The Copyright Act protects “original works of authorship.” 17 U.S.C. § 102(a) (emphasis added). Courts have uniformly understood “authorship” to refer to a quality that is uniquely “human,” often alluding to the nexus between the human mind and creative expression. For example, some of the earliest copyright cases defined copyright as “the exclusive right of man to the production of his own genius or intellect.” Burrow-Giles Lithographic Co. v. Sarony, 111 U.S. 53, 56 (1884). See also Trade-Mark Cases, 100 U.S 82, 94 (1879) (explaining that copyright law only protects “the fruits of intellectual labor” that are “founded in the creative powers of the mind”).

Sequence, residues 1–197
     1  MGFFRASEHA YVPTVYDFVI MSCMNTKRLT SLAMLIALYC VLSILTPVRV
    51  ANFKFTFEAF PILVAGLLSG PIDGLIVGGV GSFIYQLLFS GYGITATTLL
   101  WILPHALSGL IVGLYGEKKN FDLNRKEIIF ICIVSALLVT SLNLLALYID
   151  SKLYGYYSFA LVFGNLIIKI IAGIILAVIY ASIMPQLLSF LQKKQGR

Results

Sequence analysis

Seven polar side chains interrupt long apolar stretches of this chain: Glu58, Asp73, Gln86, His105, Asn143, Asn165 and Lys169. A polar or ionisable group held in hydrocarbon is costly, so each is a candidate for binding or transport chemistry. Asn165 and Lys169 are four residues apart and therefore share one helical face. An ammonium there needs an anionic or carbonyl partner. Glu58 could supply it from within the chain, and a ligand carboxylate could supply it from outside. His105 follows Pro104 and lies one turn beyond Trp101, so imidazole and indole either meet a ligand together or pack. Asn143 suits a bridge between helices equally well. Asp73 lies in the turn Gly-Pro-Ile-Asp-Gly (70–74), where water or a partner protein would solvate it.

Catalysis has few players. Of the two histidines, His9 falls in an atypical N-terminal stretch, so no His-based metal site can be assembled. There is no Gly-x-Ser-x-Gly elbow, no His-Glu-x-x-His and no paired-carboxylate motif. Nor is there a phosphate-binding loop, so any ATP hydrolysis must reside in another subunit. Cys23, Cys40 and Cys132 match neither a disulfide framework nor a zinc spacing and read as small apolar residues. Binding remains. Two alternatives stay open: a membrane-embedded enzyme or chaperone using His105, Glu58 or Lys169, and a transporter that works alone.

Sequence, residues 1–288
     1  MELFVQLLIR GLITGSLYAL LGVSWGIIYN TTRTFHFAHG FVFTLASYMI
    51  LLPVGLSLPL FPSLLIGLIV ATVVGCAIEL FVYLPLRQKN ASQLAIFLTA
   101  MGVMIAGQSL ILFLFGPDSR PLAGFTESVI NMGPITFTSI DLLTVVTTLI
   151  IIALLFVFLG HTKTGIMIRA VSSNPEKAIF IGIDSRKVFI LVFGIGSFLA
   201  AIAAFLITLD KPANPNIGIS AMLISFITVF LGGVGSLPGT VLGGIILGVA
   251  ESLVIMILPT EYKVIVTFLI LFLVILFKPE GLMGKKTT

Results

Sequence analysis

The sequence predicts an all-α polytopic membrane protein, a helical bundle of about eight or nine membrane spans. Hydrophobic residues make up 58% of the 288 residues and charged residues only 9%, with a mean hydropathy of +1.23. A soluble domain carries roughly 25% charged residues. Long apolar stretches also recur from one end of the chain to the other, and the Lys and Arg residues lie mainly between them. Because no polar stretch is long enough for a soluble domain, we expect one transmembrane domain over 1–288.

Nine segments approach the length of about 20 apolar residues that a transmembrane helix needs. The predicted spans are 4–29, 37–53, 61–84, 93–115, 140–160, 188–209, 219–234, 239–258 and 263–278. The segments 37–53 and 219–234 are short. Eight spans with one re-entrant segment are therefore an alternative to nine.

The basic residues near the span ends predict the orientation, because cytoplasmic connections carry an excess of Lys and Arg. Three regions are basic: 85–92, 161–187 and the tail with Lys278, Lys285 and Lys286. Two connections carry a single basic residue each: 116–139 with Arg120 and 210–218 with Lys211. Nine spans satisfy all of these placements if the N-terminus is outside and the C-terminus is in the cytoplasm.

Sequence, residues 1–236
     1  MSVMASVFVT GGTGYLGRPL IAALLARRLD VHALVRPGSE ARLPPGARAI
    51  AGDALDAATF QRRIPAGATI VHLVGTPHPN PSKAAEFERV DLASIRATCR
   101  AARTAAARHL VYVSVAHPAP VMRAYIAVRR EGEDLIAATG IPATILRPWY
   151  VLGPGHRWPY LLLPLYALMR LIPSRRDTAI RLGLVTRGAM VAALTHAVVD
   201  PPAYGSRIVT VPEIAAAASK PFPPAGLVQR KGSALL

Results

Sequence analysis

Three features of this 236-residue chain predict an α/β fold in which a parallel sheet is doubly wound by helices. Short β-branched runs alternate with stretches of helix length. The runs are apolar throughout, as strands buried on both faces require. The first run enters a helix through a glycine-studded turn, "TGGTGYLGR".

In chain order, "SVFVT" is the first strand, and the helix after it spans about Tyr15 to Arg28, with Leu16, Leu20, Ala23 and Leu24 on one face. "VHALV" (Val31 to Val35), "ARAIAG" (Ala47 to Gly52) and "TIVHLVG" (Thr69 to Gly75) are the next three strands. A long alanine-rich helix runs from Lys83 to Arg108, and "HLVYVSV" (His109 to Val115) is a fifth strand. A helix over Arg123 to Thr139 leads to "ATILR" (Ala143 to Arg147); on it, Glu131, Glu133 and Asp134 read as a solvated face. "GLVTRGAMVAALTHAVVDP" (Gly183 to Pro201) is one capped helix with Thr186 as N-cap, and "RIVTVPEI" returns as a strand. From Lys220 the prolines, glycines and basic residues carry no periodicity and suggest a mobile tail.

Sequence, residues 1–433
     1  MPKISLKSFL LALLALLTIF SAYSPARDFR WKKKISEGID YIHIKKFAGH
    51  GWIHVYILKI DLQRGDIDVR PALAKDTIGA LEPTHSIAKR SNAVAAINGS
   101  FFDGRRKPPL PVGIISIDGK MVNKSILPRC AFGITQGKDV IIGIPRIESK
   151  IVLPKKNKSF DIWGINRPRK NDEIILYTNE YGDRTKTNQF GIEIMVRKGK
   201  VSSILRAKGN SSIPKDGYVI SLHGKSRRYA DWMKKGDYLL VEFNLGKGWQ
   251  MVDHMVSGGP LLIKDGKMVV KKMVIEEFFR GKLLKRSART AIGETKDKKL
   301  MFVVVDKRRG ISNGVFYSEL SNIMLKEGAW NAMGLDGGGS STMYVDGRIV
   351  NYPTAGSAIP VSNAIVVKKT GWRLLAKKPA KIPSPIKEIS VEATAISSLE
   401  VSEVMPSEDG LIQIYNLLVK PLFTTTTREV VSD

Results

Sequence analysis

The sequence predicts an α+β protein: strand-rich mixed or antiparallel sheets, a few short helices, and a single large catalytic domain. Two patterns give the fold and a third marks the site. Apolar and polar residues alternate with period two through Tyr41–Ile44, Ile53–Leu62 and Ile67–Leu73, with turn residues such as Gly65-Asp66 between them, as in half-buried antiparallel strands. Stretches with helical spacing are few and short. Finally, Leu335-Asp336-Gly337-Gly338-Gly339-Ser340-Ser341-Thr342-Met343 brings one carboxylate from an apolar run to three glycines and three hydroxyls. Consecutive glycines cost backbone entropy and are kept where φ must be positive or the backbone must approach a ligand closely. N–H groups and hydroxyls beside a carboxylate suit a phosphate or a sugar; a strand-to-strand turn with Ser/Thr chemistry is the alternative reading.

Posts from March 2022.
Copyright Office Review Board Reaffirms that Human Authorship is a Prerequisite for Copyright Protection